The question in entrepreneurship is how to create value and how to build a value creation system in the first place. The entrepreneur faces the questions, “Am I creating any value at all? Is anyone going to pay for this innovation and be happy with it? And will I be able to get more customers?” These questions precede the models that strategy and strategic management theory have been based on. Those models start off with the entrepreneur’s questions having been answered, so they are not useful at the value creation stage.
Based on Austrian economics, the entrepreneurship literature has provided mental tools and mental models for entrepreneurial thinking and an entrepreneurial approach to business. These include the emphasis on subjective value and customer sovereignty, and on uncertainty and unpredictability in business. There is value in action in the face of uncertainty, because it creates new information, which can support better decision-making. That mechanism is totally lacking in the equilibrium models of strategy.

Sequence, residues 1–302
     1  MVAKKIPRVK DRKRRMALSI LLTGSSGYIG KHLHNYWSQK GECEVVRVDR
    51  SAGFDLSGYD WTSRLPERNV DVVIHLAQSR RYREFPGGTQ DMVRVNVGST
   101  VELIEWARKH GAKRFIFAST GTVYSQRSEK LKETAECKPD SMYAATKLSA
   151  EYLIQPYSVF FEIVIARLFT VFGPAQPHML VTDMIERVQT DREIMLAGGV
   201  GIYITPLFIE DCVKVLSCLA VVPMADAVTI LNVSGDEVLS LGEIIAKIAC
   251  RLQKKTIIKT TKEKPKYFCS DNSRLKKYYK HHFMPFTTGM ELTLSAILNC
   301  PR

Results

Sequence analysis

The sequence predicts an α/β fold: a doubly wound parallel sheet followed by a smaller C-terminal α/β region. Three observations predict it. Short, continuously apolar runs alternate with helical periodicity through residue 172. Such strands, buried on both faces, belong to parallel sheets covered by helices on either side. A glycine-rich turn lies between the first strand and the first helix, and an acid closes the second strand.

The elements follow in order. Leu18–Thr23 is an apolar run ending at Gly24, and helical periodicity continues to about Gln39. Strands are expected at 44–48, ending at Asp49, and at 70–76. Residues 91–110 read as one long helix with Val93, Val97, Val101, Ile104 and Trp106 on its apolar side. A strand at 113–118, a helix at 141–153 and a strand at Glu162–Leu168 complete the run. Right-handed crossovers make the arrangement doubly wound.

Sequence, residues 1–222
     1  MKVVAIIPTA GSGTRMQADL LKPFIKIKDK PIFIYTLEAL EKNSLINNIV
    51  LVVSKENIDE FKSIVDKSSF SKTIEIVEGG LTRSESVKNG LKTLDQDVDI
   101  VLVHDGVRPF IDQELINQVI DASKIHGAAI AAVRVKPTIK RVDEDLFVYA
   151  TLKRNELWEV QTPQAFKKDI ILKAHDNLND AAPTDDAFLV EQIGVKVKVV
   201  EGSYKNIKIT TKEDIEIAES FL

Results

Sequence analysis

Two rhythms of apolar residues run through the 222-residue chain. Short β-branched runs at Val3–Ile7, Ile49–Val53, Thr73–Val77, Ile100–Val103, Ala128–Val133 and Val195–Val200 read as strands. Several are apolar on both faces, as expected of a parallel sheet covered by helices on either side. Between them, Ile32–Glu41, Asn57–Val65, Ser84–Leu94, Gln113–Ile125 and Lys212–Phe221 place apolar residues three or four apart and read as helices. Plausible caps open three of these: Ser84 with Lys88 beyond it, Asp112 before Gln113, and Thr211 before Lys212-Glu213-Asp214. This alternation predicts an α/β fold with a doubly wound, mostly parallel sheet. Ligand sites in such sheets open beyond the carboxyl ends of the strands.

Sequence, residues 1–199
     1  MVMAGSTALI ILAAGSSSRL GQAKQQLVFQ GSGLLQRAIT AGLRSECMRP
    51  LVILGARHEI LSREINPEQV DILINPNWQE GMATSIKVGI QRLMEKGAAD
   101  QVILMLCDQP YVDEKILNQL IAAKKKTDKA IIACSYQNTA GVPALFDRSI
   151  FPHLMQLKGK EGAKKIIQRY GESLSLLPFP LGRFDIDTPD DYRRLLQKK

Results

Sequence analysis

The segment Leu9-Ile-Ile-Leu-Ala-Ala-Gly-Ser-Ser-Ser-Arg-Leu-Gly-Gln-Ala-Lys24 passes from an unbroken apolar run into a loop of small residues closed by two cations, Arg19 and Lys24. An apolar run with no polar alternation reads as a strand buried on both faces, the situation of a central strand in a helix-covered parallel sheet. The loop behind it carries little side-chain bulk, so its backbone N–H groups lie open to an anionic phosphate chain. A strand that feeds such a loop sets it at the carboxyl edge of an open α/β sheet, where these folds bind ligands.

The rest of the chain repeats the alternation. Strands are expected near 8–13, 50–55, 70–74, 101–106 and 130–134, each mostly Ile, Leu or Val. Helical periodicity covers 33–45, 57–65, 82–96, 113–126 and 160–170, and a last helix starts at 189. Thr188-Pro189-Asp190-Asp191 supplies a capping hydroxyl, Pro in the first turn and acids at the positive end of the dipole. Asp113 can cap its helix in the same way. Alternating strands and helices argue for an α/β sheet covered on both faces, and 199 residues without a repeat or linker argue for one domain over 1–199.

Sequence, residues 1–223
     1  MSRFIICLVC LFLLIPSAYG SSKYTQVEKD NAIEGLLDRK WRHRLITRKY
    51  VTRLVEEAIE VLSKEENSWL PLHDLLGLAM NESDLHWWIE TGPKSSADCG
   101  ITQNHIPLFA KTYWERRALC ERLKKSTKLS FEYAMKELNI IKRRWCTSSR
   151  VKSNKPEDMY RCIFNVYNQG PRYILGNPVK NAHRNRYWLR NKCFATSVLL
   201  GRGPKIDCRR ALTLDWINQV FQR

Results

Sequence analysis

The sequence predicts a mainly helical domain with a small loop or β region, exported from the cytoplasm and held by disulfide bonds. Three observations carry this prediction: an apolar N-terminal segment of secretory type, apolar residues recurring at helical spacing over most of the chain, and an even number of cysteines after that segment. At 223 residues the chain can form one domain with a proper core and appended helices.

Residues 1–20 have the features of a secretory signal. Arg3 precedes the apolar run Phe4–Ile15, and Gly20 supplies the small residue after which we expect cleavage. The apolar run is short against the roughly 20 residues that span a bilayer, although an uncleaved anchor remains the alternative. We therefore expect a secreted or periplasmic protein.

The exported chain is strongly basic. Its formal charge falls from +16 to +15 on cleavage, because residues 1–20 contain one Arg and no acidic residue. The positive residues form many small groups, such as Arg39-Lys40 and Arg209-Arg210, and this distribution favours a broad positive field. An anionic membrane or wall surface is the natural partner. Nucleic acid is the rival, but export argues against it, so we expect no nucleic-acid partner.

Theories of entrepreneurial action to generate learning are useful not only for startups but also for larger companies, to help them think and act more entrepreneurially, and to counter the defensive and anti-innovative thinking of building on strengths and defending position. Managing an existing value generation system can result in losing the long-term perspective of innovation, adding new product lines, taking advantage of opportunities, and potentially building new strengths.
“Do both!” The best approach combines strategy and entrepreneurship.